Mammal Reintroduced To UK For The First Time In Thousands Of Years To Help The Climate Crisis

It sounds far-fetched, but these wild bison have a reputation for being "ecosystem engineers".
Bison in Kent
Bison in Kent
WILLIAM EDWARDS via Getty Images

Wild bison returned to UK soil for the first time in 12,000 years this week in a bid to turn Britain’s ecosystems around.

Three of the European mammals – a cousin species of the well-known American bison – settled in Kent on Monday for the first time ever since Britain lost its land bridge to the rest of the continent many millennia ago.

Despite being Europe’s heaviest mammal, wild bison have not been in the continent since after World War 1, although preservation projects have managed to bring back around 6,200 of the animals since 2019.

The decision to reintroduce bison to the UK is not just a nostalgic move, but an eco-friendly one; researchers believe that the animals might just encourage more wildlife and plants to grow, by knocking down trees with their body mass.

The animals also have an appetite for bark which will reduce the tree density for more ecosystems to settle, while their habit of rolling in dust baths will also encourage more open areas for other animals.

They’ll be joined by other animals too, including ponies, pigs and cattle.

The team also claimed that the bison collect seeds and then disperse them along the route.

They will have a five-hectare double-fenced area to explore but this will go up to 50 hectares later this summer. Eventually, they’ll have 200 hectares.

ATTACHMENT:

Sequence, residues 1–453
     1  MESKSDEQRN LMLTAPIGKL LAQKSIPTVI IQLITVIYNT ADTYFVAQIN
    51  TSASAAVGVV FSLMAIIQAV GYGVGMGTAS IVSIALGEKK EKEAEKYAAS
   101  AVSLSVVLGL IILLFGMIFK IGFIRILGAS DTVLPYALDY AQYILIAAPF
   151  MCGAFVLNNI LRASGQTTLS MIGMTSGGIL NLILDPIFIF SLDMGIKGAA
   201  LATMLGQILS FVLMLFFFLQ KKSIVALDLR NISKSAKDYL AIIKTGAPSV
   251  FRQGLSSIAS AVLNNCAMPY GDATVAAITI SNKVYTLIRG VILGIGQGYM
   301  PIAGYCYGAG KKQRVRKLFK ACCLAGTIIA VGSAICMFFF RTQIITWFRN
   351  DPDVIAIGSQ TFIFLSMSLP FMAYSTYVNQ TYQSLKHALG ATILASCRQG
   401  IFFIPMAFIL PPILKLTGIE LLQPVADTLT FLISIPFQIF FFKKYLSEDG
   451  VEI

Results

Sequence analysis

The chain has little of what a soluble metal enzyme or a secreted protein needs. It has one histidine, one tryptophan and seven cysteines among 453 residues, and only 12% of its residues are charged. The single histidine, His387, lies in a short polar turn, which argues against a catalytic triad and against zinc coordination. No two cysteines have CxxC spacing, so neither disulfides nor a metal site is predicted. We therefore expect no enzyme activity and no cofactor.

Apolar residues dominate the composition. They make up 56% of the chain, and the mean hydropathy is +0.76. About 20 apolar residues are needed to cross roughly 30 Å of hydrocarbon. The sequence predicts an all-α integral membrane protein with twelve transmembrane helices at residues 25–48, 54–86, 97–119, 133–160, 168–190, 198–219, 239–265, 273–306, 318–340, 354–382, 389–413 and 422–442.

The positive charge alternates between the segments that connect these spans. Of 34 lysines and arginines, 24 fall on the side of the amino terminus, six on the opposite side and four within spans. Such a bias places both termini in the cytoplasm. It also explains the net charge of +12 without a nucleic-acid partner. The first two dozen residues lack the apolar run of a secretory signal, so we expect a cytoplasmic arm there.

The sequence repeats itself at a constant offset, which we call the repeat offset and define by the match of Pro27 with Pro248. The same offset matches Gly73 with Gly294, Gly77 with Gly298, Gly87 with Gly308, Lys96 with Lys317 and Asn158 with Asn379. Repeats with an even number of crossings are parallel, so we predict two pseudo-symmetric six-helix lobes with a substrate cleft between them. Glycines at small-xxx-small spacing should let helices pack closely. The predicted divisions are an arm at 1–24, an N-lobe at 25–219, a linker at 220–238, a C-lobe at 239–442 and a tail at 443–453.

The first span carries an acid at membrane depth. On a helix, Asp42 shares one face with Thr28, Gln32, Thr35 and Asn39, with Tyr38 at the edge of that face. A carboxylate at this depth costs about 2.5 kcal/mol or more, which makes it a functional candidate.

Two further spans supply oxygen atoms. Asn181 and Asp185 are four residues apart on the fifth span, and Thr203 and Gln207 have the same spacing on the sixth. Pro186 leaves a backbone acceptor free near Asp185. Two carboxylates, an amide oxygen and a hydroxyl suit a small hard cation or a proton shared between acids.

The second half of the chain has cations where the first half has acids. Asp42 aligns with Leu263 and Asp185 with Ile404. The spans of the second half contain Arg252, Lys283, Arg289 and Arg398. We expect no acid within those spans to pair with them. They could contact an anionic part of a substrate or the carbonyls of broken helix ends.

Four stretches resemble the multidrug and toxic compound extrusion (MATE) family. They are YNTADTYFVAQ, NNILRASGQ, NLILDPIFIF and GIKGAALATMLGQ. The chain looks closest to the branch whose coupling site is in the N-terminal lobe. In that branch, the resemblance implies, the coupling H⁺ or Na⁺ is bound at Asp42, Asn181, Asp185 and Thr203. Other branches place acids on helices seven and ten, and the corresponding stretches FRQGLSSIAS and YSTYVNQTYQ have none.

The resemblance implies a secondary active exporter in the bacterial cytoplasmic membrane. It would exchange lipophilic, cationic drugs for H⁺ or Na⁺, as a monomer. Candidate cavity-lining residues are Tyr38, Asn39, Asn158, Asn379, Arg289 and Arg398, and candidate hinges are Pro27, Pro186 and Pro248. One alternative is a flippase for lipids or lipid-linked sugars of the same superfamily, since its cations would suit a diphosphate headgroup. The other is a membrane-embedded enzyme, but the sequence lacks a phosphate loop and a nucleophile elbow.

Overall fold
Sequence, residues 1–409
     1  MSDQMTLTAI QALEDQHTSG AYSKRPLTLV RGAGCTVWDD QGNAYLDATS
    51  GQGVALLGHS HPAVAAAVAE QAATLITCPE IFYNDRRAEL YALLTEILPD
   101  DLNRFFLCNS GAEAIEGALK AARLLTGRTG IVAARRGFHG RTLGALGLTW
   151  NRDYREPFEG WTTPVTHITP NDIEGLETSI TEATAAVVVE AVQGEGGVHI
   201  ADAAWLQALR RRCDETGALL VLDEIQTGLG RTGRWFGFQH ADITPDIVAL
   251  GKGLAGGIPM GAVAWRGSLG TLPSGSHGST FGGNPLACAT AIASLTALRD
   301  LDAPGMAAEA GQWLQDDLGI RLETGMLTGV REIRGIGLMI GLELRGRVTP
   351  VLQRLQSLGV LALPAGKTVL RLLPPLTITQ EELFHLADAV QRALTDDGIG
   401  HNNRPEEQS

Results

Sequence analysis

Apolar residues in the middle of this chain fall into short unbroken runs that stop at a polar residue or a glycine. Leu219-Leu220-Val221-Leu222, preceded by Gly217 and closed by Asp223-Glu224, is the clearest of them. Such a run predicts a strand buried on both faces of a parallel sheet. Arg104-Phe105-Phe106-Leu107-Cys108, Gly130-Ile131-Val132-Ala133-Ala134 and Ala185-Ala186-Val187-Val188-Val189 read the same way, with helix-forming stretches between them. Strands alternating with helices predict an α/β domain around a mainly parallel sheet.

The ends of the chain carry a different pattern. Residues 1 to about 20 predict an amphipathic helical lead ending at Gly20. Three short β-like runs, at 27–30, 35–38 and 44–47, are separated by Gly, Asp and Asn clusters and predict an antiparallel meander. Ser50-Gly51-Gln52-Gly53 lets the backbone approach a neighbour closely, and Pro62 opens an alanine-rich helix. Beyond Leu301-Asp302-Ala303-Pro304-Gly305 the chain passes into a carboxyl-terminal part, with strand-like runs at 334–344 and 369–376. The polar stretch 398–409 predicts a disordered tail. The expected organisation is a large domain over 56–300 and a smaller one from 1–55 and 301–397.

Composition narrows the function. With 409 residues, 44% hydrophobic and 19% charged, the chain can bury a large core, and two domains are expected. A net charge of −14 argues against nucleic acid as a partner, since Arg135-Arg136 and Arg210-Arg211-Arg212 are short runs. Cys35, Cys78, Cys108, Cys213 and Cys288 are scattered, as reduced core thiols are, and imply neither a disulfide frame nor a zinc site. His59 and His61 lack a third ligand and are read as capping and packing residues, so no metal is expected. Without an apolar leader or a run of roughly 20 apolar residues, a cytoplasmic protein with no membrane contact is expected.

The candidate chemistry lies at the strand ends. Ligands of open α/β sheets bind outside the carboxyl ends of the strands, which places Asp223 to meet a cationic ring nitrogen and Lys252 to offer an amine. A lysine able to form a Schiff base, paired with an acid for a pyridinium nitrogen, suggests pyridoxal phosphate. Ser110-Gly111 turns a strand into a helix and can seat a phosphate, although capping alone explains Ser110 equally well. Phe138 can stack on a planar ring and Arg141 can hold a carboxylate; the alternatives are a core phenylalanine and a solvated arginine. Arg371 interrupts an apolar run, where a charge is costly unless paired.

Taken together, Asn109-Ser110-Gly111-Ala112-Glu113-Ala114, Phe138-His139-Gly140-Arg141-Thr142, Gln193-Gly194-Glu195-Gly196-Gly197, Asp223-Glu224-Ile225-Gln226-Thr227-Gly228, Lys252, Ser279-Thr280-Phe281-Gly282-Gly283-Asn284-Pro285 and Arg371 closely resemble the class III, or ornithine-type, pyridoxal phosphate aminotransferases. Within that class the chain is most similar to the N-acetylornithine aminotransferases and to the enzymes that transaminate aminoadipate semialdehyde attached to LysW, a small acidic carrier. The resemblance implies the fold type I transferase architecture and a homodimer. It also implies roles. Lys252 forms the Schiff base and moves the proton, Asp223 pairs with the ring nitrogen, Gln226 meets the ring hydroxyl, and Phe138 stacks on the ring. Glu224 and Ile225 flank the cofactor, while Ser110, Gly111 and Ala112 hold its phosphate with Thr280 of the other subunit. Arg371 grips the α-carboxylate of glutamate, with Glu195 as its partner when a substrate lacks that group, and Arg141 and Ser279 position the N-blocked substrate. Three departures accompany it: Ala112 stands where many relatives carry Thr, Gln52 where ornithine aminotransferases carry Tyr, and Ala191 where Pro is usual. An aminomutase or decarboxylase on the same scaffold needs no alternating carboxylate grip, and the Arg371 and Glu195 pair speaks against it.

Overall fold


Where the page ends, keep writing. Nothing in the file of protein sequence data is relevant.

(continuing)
These three bison all come from wildlife parks in Scotland and Ireland, and are soon to be joined by a young bull from Germany in August.

It’s part of the Wilder Blean project, based near Canterbury, which hopes that the bison will live up to their reputation as “ecosystem engineers”.

This is particularly necessary in the UK – and not just because of the devastating heatwave which swept across the country this week – as the WWF claims Britain is “one of the most nature depleted countries in the world”.

The WWF also alleges: “Despite nature struggling against all odds to survive, more than one in seven native species face extinction and more than 40% are in decline.”

By making the woodland more natural, the bison should also help to absorb more carbon from the atmosphere.

The thousands of bison now living in Europe come from just 12 zoo animals, and the species is still considered near threatened.

This reintroduction programme was a £1.1 million project funded by the People’s Postcode Lottery.

Evan Bowen-Jones, Kent Wildlife Trust’s CEO, told Now This: “The restoration of naturally functioning ecosystems is a vital and inexpensive tool in tackling the climate crisis. The bison will help to create climate resistant landscapes which can adapt to the challenges presented by the crisis we face.”

They also called for this to be the beginning of new era for conservation in the UK, as the country looks to rely less on human intervention and more on other natural engineers, including boars and beavers.

Paul Whitfield, director general of Wildwood Trust also told The Guardian that it’s not just about ecosystems either.

“We’re giving people in the UK – for the first time in over a thousand years – the chance to experience bison in the wild.

“It’s a really powerful, emotional, visceral experience and it’s something we’ve lost in this country.”


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